Despite specializing in harsh, rhythmic, and vicious noise since its inception nearly 20 years ago, 2018’s That Beast began a shift within ESA, in which Jamie Blacker harnessed his sound with more focus, refinement, and purpose, as well as inviting collaborators to the project and infusing it with fair share of dance floor energy. Designer Carnage takes everything that ESA has done previously and adds even more layers to complete a record dripping with crushing noise, deep textures, unconventional sounds, and a heaping dose of rage.
“Laudanum Dance” immediately makes it clear what you are in for as the sound of an electronic buzz and defibrillator seems to kickstart the listener to life, subsequently pounding into fast drum & bass programming and piano and harpsichord arrangements that set the tone. The manic energy perfectly leads into the hostility that is “One Missed Call,” a more straightforward yet pulse-pounding masterclass of percussive arrangements and aggressive vocals, with a gated scream sample midway that personifies the track’s destructive energy. Released as a single in 2021, “I Detach” fits perfectly as a bridge between “One Missed Call” and the following less aggressive titular track and “Disruption Only,” both of which act as a break in the fury of the opening songs while still heavily featuring the ESA staples of slowly evolving song structures, glitched sounds, and complex arrangements. One cannot discuss Designer Carnage without addressing the unconventional instrumentation and sounds, for ESA has frequently explored these spaces in the past, but never to this effect. For example, “Come and Find Me” begins with ragtime-era jazz samples and evolves over seven minutes into a full-on dance floor assault, and “Vast Accept” begins with a creeping menace that continues to add layers until it resembles a soundtrack piece strongly evoking the imagery of a final battle. The presence of hip-hop vocalist Pee Wee Pimpin on “Whom Them Shall I Fear?” creates a noisy hybrid that somehow manages to sound like ESA, and yet, nothing like ESA has ever done. The closing track, “Saturnalia” is the most masterful example of this evolution, beginning with a blast-beat, shredding guitars, and ferocious vocals that call back to Blacker’s early roots in the U.K. black and death metal scenes; after three minutes, it strips almost all of its layers down to melodic guitar notes, saxophones, chants, and subtle textures before picking up steam again in the final act with a glitched breakdown and the return to metal to bring the record to an epic close over a nine-minute runtime. The tracks on Designer Carnage are, on average, nearly seven minutes long, but are given the space to breathe and evolve as the artist intended; when consuming anything this deeply engaging, time becomes far inferior to content.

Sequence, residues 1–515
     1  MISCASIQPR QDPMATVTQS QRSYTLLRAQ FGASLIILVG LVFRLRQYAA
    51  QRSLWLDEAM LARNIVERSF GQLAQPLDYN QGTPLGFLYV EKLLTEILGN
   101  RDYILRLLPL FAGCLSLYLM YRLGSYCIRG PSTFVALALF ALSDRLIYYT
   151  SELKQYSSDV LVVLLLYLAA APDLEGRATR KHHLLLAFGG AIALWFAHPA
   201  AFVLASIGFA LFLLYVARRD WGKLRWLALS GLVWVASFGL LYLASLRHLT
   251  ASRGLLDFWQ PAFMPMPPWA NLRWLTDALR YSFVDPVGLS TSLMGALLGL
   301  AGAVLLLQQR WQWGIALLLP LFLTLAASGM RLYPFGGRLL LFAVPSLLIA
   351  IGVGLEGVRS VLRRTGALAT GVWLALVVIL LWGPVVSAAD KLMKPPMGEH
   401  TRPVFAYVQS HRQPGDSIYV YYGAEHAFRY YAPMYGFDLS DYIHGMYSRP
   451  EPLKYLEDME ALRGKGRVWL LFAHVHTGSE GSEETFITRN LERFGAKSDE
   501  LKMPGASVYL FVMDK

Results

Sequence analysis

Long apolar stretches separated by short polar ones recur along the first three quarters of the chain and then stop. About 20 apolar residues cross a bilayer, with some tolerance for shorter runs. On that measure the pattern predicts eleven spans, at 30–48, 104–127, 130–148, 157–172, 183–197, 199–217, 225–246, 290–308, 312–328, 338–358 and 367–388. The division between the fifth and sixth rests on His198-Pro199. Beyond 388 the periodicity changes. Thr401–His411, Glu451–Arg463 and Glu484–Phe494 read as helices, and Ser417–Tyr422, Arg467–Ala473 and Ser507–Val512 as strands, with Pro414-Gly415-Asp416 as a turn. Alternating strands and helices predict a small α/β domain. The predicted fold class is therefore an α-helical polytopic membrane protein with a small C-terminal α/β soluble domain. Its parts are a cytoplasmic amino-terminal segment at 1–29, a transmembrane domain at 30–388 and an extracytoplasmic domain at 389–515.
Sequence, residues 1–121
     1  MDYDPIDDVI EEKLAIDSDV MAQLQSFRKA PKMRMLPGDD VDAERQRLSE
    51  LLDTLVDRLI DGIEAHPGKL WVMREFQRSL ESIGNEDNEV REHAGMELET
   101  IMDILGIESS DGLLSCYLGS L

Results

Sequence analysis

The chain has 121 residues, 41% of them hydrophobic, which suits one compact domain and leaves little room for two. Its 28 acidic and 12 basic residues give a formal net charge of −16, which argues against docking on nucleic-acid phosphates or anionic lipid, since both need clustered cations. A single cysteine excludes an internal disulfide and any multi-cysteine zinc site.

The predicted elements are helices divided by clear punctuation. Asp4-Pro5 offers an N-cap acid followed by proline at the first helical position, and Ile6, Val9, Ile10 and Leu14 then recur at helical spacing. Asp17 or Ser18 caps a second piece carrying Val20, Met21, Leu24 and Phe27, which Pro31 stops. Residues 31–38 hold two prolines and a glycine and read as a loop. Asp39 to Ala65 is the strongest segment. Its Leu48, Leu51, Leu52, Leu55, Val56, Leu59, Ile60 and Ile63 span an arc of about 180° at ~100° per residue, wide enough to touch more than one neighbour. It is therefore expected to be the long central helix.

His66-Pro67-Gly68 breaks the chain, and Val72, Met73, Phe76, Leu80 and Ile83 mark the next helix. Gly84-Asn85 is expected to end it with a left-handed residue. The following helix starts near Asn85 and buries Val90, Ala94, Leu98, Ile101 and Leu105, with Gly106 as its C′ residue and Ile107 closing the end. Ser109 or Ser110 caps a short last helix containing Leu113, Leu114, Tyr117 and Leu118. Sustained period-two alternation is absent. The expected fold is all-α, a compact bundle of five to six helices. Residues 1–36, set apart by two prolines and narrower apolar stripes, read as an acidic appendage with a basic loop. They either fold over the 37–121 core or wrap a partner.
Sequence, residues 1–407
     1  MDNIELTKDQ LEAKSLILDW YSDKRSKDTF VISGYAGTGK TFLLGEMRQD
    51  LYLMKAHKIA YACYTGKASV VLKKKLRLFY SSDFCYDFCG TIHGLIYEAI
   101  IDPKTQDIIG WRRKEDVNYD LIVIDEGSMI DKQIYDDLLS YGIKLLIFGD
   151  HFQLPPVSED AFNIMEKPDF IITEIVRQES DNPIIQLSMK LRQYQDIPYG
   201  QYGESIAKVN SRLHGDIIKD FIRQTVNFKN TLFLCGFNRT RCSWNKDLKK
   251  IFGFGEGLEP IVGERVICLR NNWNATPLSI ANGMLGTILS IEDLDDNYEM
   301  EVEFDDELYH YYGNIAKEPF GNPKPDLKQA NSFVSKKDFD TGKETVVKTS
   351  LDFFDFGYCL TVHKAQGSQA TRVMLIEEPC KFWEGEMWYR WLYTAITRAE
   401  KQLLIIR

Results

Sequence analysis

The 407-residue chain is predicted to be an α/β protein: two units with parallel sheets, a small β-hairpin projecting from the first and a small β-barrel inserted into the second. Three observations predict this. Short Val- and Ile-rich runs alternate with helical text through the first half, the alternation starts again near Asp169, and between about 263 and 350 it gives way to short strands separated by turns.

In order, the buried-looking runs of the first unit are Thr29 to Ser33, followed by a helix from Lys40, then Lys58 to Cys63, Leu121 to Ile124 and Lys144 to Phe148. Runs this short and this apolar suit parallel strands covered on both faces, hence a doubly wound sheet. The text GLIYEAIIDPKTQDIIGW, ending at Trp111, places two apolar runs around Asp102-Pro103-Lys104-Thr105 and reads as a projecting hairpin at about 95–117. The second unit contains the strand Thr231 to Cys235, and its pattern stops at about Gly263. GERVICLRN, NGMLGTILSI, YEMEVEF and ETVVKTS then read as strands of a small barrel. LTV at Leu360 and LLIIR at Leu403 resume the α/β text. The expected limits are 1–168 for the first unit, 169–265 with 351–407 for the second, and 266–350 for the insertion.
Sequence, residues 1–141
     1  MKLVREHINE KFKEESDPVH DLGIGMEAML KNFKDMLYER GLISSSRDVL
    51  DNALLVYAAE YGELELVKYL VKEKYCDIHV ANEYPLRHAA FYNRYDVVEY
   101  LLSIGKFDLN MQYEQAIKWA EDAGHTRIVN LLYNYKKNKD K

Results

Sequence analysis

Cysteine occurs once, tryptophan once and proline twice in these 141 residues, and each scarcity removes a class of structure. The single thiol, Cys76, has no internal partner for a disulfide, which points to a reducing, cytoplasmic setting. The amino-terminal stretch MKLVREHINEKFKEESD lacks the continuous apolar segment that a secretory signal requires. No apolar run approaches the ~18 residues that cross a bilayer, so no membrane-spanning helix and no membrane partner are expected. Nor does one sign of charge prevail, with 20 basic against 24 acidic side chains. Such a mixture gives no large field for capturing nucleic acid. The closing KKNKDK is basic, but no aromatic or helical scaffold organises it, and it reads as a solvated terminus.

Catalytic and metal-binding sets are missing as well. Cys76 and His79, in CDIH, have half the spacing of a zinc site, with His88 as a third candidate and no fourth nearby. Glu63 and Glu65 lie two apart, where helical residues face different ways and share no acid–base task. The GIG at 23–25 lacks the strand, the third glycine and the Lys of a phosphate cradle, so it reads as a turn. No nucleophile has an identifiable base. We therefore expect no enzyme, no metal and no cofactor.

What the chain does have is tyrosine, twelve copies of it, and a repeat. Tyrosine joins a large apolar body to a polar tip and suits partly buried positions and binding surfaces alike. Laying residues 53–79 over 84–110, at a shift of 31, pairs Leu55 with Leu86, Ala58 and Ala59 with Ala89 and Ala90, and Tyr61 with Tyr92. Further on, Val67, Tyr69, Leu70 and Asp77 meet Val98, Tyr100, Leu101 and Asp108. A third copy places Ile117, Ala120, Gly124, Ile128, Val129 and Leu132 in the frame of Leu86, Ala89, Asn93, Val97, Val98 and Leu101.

Jamie Blacker has a gift to formulate and place seemingly incompatible sounds within his aggressive arrangements… and vice versa, associating brutality and chaos to sounds that have no connection or association with either. Such a dichotomy is an art form. and ESA has painted a masterpiece with Designer Carnage. As the title suggests, this is an expertly produced, beautifully engineered, well crafted, intense, unforgiving, and extremely enjoyable experience. At 70 minutes, the journey is both exhausting and rewarding, and possibly ESA’s finest and most ambitious work to date.